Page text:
Manchester could lead the electric charge, says survey
Research shows that more needs to be done to tackle public misconceptions around electric vehicles, but Manchester residents are already among the most supportive of the technology.
Findings from a survey of 3,400 UK consumers, commissioned by Electricity North West, reveal that a lack of understanding of electric vehicles is still a major barrier to purchase.
‘Still a job to do’
Only six per cent of those surveyed intended to buy or lease an electric vehicle as their next car, and just over a third expected to own one by 2050.
This is a stark contrast to government policy - which aims for at least half of all new cars to be low emission by 2030 and a ban on the sale of conventional petrol and diesel cars by 2040.
“There is clearly still a job to do to encourage more conversations around what is still considered a new and distant technology”, said Paul Bircham, commercial strategy and support director at Electricity North West.
“In many cases, electric vehicles provide better value for money than traditional petrol and diesel vehicles with most mass market electric vehicles travelling a range of 100-150 miles on a single charge.”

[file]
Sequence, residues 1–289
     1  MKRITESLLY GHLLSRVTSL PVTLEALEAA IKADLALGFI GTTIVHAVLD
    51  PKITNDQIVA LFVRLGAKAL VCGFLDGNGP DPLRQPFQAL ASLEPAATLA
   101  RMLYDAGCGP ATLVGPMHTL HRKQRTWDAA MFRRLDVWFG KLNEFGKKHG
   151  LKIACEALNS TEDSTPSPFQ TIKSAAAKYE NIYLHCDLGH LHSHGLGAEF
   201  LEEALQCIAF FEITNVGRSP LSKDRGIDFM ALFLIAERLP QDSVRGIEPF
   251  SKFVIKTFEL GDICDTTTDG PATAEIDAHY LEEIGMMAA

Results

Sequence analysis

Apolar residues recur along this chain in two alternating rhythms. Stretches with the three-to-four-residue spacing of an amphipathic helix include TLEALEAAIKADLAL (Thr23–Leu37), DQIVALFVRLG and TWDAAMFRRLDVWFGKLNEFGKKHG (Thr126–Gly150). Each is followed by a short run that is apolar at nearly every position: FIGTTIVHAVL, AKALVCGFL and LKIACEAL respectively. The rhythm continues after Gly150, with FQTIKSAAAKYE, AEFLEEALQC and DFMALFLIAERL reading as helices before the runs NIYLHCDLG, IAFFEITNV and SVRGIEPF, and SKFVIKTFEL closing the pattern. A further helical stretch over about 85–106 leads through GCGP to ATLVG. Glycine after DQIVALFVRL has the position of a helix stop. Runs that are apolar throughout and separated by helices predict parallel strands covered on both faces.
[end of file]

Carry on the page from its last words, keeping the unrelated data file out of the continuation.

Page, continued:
Can Manchester lead the way?
Manchester was found to have one of the highest levels of interest in electric vehicles, with a quarter of residents saying they expect to buy or lease an electric vehicle or hybrid next.
Cllr Alex Ganotis, green city lead for Greater Manchester, said: “The investment in the infrastructure for electric vehicles is a real priority. To incentivise drivers to invest in electric vehicles, we announced at our Green Summit earlier this year that we are doubling the charging points across the city in order to support the demand for electric vehicles.”
Greater Manchester is currently drawing up a Clean Air Plan to tackle poor air quality across the region, much of which comes from vehicles.
Posted under General Interest on 3 October 2018